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Garber Farms enjoying responses from its newly launched website

Iota, LA-based Garber Farms launched its new website four months ago. “It is there mainly for general information, but we’re enjoying the responses that we’re getting to it,” said Matthew Garber, a company partner. “There is a video on the site that we had some fun creating and filming.”

Set to some real “down-home, Louisiana-style” music, the video takes viewers through Garber Farms’ operation, from the field to harvesting, storage, sorting, packing and sales.

The Garber family is involved in all aspects of the business. Michael Garber manages the farm crop production. Matthew Garber manages the storage, packaging and marketing of sweet potatoes and other crops. Wayne Garber deals with the day-to-day administrative management of the business. The three men represent three generations of Garber family members.

“We have been growing grains and vegetables in south Louisiana since 1881,” he said. “Our farm is located on a sandy ridge between Bayou Nezpique and Bayou Des Cannes in the heart of south Louisiana’s Cajun country.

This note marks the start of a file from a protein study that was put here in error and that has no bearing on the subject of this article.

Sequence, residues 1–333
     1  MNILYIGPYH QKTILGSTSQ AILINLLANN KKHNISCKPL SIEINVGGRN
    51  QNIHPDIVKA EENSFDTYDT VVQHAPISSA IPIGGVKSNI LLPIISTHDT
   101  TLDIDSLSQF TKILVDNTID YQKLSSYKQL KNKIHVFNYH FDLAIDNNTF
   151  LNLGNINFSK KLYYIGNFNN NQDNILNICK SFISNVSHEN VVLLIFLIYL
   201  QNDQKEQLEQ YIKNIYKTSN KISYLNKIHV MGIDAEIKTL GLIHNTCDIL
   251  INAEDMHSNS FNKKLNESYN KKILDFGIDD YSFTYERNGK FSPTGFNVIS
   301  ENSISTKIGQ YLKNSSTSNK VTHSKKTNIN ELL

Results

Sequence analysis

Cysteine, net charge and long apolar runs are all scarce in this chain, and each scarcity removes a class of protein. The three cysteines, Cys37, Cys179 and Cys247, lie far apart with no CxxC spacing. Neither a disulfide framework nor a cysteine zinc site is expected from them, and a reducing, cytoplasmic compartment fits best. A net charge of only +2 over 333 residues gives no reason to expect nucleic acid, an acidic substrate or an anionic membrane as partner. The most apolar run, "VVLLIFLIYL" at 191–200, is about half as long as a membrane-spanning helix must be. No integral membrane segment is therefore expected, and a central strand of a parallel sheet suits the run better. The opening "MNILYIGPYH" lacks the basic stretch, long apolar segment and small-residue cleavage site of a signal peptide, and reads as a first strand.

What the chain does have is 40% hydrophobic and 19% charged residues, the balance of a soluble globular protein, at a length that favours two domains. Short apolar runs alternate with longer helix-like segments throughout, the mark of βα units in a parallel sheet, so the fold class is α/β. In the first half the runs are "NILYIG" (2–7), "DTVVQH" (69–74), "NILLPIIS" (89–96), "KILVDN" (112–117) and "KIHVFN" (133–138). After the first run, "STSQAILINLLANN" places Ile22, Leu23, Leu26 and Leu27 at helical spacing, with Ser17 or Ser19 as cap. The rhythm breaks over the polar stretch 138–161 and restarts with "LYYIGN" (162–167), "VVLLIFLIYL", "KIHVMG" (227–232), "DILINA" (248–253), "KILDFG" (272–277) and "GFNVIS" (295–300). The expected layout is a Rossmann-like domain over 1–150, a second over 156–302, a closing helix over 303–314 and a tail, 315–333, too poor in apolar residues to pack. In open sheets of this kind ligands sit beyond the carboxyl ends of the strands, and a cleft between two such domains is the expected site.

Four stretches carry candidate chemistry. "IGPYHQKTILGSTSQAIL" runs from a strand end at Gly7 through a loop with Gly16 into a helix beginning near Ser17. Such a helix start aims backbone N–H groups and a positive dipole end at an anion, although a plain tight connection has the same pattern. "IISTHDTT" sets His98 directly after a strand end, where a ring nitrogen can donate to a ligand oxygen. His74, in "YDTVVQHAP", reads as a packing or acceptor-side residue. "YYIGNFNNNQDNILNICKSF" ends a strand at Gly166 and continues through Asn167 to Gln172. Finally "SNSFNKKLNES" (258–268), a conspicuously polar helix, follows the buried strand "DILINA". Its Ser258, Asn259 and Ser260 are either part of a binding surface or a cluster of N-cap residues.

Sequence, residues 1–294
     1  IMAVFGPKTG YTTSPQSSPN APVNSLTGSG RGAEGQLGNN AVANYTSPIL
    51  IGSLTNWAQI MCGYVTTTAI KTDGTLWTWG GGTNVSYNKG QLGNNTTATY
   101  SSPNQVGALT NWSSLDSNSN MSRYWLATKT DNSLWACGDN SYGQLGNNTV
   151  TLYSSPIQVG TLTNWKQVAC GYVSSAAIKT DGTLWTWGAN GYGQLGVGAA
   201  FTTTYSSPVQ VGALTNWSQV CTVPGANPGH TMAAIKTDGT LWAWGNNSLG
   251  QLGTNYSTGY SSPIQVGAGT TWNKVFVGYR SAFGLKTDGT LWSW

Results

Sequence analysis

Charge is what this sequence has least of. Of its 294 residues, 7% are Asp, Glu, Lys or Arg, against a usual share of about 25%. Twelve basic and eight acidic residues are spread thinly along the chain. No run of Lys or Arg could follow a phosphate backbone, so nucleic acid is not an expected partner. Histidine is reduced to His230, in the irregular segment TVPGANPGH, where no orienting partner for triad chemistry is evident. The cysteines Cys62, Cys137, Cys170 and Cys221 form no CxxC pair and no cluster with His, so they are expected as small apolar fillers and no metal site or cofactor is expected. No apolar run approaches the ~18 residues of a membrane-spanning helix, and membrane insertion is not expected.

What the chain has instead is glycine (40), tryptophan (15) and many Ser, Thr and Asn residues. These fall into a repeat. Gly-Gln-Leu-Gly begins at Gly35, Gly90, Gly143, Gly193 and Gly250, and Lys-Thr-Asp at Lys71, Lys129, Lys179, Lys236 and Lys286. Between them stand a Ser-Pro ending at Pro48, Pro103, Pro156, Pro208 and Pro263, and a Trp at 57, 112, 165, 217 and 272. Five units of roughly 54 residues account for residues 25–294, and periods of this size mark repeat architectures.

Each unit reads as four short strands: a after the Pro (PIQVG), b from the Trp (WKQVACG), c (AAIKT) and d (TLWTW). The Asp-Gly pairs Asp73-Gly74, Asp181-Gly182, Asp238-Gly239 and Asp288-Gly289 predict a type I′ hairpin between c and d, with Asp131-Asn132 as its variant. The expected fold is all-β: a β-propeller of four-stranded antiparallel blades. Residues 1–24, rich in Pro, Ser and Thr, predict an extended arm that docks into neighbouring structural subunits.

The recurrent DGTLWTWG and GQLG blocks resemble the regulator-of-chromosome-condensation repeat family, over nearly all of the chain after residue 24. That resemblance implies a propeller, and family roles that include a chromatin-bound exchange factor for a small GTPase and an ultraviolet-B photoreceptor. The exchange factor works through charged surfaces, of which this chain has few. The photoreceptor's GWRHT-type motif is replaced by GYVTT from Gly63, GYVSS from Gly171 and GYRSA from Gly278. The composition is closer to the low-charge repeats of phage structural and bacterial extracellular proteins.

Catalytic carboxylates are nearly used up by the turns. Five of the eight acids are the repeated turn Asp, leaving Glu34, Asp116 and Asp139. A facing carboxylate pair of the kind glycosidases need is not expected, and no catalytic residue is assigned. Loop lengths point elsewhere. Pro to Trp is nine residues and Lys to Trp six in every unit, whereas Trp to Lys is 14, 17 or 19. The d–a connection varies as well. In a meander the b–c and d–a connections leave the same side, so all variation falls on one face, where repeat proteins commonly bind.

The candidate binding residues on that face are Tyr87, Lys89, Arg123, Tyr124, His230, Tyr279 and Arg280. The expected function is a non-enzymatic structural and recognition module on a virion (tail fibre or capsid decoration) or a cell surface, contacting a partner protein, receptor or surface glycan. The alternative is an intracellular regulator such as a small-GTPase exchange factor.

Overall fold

“Our farm consists of 5,000 acres of land with sweet potatoes, rice, soy beans and grain sorghum being grown in rotation,” he continued. “The rich soil in our location promotes the production of a smoother, cleaner and brighter skin sweet potato, more superior in its eye appeal than those produced in other areas.”

This year’s crop at Garber Farms is great in both volumes and quality. Mr. Garber said that it has enough stored sweet potatoes to fulfill the demand through the 2013 harvest.

He believes that sweet potato prices are remaining on the soft side because too much sweet potato acreage being planted.

“A lot of new acreage has come on that is satiating the processing side,” he explained. “It is confusing, however, when you think that a company like Burger King having sweet potato fries on its menu at thousands of locations in the country has to be eating up a lot of sweet potatoes — and that is just one of the many major chain restaurants that have made sweet potatoes a permanent menu item. This is a clear indication that there is overproduction, but it’s happening in places like the Carolinas — it’s certainly not happening here in Louisiana.”

The company continues to increase its cold-storage capacity, upgrade its storage area computer controls and make other facility and field improvements. With more than 130 years of farming experience, and being operated by highly educated family members, they know that the key to success is staying on the cutting edge. Its food-safety and traceability initiatives are all in place, and a staff member follows up on every detail of newly issued food-safety information.

“The three-pound bag of sweet potatoes continues to grow in demand,” said Mr. Garber. “That is a good indication that consumers want sweet potatoes in their kitchens all the time — not just during the holidays. The demand for bulk also continues to be strong. Shrink-wrapped microwavable sweet potatoes are a staple today. We’ve been offering them since they were first introduced many years ago, and it’s a steady and strong item.”